Objective-C Reflections: Calling Methods By Their String Name

Today, I was making a pretty simple app to test out delegations (source code here). Basically, as you press on one of the four buttons (Magenta, Purple, Green, or Red), the background color of view behind the buttons turns the pressed color (see below):

My initial take at the method to change the background color looked like this:

- (void)changeColor:(NSString *)colorName
{
    
    if ([colorName isEqualToString:@"Green"]) {
        self.view.backgroundColor = [UIColor greenColor];
    } else if ([colorName isEqualToString:@"Red"]){
        self.view.backgroundColor = [UIColor redColor];
    } else if ([colorName isEqualToString:@"Purple"]){
        self.view.backgroundColor = [UIColor purpleColor];
    } else if ([colorName isEqualToString:@"Magenta"]){
        self.view.backgroundColor = [UIColor magentaColor];
    }

}

Obviously the above is very repetitive – the only thing that changes between the methods in the color called on the UIColor object – but it is also not scalable. Imagine if you had 50 buttons with color names! Or if you wanted to change up the color names on the buttons – you’ll have to find the previous color if statement and change it!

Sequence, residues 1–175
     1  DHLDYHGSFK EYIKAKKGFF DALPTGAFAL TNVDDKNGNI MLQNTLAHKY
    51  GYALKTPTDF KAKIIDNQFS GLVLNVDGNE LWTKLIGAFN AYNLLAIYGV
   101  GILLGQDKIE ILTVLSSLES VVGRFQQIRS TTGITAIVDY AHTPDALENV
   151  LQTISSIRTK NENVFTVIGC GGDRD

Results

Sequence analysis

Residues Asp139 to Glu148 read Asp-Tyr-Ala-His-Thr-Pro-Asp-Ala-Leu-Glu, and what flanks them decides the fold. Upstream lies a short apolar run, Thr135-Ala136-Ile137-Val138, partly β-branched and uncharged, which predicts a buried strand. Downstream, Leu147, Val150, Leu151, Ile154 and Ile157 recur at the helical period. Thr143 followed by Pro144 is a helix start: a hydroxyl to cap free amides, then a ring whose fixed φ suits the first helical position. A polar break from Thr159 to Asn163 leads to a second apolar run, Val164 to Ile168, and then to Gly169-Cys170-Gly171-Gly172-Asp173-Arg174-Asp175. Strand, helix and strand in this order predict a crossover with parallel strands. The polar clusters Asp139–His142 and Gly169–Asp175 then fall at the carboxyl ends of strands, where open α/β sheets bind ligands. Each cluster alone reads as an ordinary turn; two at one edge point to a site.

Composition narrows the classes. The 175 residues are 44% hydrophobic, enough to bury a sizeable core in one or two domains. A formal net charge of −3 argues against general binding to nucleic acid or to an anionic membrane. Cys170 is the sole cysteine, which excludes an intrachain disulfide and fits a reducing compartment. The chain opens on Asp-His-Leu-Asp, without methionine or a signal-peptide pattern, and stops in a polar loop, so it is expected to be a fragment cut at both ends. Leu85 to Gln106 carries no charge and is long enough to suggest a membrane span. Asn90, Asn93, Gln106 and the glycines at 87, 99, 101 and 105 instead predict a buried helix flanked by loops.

Good thing Objective-C has a bit of metaprogramming built in. So you can use Reflections to call the method by it’s string name! In other words, you can concatenate the color name (e.g “green”) with the word “Color”, and then call the method name “greenColor”.

Here is what my new and nicely refactored code looks like:

- (void)changeColor:(NSString *)colorName
{
    
    NSString *colorMethodName = [[colorName lowercaseString] stringByAppendingString:@"Color"];
    self.view.backgroundColor = [UIColor performSelector:NSSelectorFromString(colorMethodName)];
}

Nice, right?!

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